Is your facility up to the 2017 NEC® Code? As of May 9, the 2017 NEC Code is in effect in 20 states, including Minnesota, North Dakota, South Dakota, Colorado, Nebraska and more. One of the changes made in the 2017 edition was in relation to Short-Circuit Current Ratings (SCCR). Knowing that the NEC Code requires SCCR is only a small factor in compliance.
SCCR is a safety rating that occurs under fault-current conditions and must be followed to ensure safety and compliance with safety standards. NEC and OSHA do not allow equipment to be located in the electrical system where the short-circuit current is greater than what the equipment can manage.
Documentation & Marking SCCR Requirements
If equipment is located or installed where its SCCR is less than the available short-circuit current, it creates safety hazards. These hazards can include fire, shock and shrapnel. Two of the biggest changes within the 2017 NEC Code are the requirements that state you must document available short-circuit current and mark equipment with its SCCR.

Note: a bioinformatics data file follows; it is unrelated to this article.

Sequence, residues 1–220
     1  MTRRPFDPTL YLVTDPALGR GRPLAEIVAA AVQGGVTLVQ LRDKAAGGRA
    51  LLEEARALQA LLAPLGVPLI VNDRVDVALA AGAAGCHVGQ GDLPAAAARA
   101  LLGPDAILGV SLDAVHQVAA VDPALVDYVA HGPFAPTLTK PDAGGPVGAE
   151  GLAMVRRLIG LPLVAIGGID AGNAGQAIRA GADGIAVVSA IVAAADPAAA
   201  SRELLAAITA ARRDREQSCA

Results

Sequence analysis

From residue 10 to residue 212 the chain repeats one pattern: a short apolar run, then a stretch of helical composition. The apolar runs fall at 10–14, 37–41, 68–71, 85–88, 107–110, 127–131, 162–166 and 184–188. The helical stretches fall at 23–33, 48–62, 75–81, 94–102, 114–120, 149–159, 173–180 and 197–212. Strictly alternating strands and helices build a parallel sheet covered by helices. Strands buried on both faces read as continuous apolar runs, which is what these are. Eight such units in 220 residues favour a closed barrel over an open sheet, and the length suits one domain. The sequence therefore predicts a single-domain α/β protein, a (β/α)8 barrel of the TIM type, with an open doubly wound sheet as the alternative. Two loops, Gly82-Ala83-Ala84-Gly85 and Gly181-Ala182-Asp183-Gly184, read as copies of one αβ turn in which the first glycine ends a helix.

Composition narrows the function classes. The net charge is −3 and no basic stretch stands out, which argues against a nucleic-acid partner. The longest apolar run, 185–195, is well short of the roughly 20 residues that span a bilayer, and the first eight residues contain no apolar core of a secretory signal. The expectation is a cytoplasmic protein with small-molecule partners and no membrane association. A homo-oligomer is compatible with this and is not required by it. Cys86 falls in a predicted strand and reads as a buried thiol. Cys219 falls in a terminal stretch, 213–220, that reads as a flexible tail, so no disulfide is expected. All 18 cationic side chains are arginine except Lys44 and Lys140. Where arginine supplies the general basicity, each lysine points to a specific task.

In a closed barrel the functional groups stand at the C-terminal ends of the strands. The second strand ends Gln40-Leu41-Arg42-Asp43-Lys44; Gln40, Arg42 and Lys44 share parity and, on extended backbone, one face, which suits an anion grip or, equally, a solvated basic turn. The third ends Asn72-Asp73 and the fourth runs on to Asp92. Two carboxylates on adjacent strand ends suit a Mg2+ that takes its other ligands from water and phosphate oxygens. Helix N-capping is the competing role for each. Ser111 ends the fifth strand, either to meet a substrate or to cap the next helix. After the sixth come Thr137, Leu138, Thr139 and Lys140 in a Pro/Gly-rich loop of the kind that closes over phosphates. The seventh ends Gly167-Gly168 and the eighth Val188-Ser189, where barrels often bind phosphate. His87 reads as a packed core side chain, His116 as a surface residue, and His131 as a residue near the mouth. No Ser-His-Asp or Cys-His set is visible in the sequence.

The available SCCR must be field marked at the site where machinery, HVAC equipment, energy storage equipment and more are installed. NEC also states that SCCR must be documented for the location where motor control centers and any equipment with an industrial control pane are located.
Help, I Need More Information on the SCCR 2017 NEC Code Requirements!
If you are interested in having a more in-depth training regarding this and other sections of the 2017 NEC Code, please fill out the form below to be notified of upcoming training opportunities. In the meantime, check out these helpful resources:
- How to Meet Short-Circuit Current Rating Requirements
- Code changes affecting Short Circuit Current Ratings based on the 2017 NEC